The unaffordability of healthy foods is associated with increasing food insecurity and all forms of malnutrition, including stunting, wasting, being overweight and obesity. Diet quality is a critical link between food security and nutrition. Unhealthy diets are a leading cause of non-communicable diseases, many of which form the underlying health conditions that make COVID-19 so deadly for so many people. Meeting the food security and nutrition targets of SDG 2 will only be possible if people not only have enough to eat, but are also eating food that is nutritious.

The latest State of Food Security and Nutrition in the World report provides a clear picture of the predicament the world faces. Using the traditional measure of hunger – the minimum dietary energy requirement – nearly 690 million people in the world suffer from undernourishment or chronic food deprivation. But if we look beyond the calories and consider whether that food is nutritious or healthy, we see that more than 1.5 billion people cannot afford a diet that meets essential nutrient needs and that three billion people cannot afford the cheapest healthy diet.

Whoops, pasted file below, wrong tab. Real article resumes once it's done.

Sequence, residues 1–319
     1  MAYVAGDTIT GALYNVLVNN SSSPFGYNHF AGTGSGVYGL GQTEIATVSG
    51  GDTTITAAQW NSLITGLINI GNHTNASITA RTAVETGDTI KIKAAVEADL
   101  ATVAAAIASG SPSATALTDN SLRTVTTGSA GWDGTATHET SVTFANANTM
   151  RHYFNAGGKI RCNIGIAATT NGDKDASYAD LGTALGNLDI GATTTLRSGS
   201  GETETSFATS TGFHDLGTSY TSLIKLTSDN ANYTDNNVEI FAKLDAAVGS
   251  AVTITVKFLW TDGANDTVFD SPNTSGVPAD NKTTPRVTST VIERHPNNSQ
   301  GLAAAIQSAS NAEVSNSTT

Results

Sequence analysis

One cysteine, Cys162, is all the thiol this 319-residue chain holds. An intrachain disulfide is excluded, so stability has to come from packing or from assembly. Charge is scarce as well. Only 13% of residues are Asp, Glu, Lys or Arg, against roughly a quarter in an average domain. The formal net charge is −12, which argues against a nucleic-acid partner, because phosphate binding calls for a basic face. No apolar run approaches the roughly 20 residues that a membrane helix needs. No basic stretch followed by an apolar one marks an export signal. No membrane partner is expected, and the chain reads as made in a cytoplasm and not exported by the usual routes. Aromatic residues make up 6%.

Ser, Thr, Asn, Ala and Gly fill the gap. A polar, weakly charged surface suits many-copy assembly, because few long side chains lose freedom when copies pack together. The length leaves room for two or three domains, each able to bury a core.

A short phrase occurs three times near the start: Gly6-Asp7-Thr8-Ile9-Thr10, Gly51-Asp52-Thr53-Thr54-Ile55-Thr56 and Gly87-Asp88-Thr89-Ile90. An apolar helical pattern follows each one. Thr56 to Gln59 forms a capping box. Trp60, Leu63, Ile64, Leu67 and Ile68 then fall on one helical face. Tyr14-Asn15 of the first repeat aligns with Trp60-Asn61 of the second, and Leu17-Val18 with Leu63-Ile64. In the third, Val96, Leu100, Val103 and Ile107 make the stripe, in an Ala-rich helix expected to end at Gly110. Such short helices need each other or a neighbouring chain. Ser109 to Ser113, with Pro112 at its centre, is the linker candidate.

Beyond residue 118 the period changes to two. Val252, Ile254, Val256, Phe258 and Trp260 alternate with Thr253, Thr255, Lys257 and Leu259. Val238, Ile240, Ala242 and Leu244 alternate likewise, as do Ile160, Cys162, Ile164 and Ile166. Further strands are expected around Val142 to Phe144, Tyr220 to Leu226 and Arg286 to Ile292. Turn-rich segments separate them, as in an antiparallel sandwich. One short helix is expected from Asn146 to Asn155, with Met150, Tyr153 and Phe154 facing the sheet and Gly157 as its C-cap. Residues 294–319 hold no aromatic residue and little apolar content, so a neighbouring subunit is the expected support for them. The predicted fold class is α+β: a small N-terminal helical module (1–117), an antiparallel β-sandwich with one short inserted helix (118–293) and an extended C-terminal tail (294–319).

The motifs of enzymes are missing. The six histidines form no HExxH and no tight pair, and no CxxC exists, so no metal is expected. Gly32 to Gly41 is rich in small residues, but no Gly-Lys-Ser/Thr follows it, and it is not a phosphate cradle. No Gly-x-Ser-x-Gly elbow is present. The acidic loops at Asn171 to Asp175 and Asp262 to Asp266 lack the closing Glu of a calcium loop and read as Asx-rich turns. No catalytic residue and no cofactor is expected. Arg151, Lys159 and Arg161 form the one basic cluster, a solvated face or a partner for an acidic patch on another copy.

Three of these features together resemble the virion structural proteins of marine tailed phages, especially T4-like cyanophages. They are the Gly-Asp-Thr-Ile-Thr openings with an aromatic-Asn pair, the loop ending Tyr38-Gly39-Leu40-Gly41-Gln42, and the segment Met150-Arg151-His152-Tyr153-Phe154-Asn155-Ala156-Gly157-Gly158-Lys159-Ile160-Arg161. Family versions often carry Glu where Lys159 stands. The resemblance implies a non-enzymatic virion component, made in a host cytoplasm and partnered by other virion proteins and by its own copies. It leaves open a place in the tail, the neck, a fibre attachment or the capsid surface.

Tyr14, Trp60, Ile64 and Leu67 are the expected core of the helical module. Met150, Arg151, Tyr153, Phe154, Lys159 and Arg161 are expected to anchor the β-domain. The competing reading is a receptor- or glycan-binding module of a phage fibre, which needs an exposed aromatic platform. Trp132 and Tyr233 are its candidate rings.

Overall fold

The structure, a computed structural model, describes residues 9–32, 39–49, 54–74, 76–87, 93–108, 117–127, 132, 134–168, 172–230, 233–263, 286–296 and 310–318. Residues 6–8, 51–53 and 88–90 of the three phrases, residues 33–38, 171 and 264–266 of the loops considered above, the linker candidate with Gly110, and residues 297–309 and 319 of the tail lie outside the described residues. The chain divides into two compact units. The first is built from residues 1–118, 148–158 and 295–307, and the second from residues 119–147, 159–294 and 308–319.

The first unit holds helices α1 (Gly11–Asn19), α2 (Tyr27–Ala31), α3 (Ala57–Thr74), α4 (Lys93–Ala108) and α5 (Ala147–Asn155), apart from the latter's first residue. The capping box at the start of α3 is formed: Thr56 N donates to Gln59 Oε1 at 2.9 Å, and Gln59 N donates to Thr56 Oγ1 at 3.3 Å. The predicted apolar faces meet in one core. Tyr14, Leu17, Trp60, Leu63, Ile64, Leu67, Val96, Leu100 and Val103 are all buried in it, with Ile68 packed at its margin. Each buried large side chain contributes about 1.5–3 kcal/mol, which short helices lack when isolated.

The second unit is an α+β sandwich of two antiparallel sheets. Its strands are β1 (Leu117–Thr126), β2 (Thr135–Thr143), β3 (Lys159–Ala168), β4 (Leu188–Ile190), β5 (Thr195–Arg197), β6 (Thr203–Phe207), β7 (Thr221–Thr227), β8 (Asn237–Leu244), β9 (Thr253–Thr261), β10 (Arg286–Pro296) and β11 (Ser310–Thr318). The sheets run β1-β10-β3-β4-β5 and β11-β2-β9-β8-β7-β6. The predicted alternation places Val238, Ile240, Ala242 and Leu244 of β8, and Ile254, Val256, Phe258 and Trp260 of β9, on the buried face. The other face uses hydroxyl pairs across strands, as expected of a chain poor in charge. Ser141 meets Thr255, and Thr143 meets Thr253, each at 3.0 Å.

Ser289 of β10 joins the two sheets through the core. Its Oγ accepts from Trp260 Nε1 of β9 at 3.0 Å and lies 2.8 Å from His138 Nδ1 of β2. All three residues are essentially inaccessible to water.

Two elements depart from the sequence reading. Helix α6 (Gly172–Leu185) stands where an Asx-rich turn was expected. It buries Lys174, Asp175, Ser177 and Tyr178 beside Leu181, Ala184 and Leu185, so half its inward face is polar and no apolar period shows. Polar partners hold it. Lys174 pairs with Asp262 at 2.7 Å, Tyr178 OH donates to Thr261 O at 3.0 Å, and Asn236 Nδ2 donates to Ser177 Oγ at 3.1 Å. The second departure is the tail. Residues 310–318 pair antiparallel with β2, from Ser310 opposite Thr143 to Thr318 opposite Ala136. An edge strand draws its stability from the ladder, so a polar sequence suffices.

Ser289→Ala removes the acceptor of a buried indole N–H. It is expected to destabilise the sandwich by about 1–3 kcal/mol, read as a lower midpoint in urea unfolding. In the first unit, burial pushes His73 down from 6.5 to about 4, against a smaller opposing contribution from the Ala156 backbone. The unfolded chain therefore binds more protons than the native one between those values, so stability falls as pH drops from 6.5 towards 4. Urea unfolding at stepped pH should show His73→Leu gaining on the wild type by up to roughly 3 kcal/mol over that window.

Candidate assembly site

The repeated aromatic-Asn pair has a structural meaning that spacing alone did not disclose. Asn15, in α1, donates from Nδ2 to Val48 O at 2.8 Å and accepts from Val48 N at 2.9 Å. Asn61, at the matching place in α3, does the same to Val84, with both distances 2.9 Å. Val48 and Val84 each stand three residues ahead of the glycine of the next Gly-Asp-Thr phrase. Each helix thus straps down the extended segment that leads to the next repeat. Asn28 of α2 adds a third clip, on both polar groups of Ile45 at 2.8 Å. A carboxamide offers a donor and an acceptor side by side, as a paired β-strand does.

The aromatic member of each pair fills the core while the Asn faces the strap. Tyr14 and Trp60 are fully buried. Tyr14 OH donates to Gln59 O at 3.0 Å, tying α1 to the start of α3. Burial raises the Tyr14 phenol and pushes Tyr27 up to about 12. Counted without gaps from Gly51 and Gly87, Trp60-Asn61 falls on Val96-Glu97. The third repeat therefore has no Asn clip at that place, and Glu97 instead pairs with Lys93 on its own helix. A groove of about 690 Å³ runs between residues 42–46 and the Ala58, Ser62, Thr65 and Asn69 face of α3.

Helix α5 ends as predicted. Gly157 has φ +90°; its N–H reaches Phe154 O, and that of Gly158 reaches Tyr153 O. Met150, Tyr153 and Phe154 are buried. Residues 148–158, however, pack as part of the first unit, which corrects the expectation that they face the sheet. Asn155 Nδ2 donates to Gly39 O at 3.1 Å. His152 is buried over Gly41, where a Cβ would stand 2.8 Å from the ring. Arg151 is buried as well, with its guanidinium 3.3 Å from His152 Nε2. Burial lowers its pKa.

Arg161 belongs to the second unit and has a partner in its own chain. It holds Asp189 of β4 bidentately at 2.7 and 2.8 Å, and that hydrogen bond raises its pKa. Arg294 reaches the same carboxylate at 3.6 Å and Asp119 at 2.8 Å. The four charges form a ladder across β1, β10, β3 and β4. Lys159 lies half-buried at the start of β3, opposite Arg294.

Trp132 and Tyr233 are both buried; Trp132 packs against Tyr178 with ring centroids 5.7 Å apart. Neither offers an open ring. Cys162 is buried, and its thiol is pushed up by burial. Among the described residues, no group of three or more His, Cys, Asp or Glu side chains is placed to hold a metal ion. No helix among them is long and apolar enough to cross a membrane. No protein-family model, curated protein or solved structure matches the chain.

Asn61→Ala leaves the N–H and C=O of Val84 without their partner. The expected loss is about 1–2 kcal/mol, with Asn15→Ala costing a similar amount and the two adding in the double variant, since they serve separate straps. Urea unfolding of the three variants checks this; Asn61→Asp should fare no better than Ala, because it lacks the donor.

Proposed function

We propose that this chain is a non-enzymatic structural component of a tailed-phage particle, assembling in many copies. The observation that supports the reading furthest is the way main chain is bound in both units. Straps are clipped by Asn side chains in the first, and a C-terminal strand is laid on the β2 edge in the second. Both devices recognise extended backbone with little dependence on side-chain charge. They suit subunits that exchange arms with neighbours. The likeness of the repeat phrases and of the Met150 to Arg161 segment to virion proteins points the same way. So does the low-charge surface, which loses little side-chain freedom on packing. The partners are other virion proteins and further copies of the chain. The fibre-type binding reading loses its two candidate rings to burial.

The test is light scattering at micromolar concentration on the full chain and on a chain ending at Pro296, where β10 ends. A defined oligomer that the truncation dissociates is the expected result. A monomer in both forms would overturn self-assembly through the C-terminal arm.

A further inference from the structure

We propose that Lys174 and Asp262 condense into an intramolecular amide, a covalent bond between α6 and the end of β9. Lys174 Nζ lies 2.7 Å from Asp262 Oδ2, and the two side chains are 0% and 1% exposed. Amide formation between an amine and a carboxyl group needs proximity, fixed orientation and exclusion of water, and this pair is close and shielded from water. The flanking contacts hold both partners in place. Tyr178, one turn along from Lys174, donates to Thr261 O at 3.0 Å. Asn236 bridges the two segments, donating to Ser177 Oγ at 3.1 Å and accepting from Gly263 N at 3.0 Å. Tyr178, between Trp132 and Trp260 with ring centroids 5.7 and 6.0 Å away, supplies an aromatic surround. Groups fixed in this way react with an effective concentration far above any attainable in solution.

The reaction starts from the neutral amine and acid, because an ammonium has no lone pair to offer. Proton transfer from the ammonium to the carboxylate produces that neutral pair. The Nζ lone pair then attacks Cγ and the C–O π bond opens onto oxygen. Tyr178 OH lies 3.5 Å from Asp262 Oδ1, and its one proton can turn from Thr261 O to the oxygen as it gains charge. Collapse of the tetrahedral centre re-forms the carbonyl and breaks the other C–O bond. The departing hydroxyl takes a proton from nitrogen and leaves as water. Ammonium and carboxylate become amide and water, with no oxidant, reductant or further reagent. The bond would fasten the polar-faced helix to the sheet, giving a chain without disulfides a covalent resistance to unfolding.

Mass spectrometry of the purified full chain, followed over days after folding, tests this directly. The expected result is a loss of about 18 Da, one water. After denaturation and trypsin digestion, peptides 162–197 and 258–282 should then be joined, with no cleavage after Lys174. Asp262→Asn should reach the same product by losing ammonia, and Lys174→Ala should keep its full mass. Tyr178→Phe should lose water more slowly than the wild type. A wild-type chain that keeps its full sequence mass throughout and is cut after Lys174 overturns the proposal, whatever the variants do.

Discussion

Healthy diets are more than double the cost of a diet that merely meets nutrient requirements, and are five times more expensive than a diet that only meets minimum energy requirements. Most of the poor around the world, in both rich and poor countries, cannot afford either a nutrient-adequate or a healthy diet. The least cost of either diet is far more expensive than the full value of the international poverty line of $1.90 per person per day. Where hunger and food insecurity are greater, the cost of a healthy diet even exceeds average national food expenditures.

The greatest threats to food security
We were not doing well even before COVID-19 hit. The latest estimates show that 10 million more people suffered chronic food deprivation in the last year and nearly 60 million more have become hungry in the last five years.

Increasing climate variability and frequent climate extremes are a significant threat to food security and are a key driver behind the recent rise in hunger. Evidence shows that significant increases in chronic hunger are occurring in countries where agriculture, food supply chains and livelihoods are vulnerable to climate extremes. Food price spikes and volatility, often combined with losses in agricultural income, follow climate extremes. They reduce access to food and negatively affect the quantity, quality and dietary diversity of the food consumed.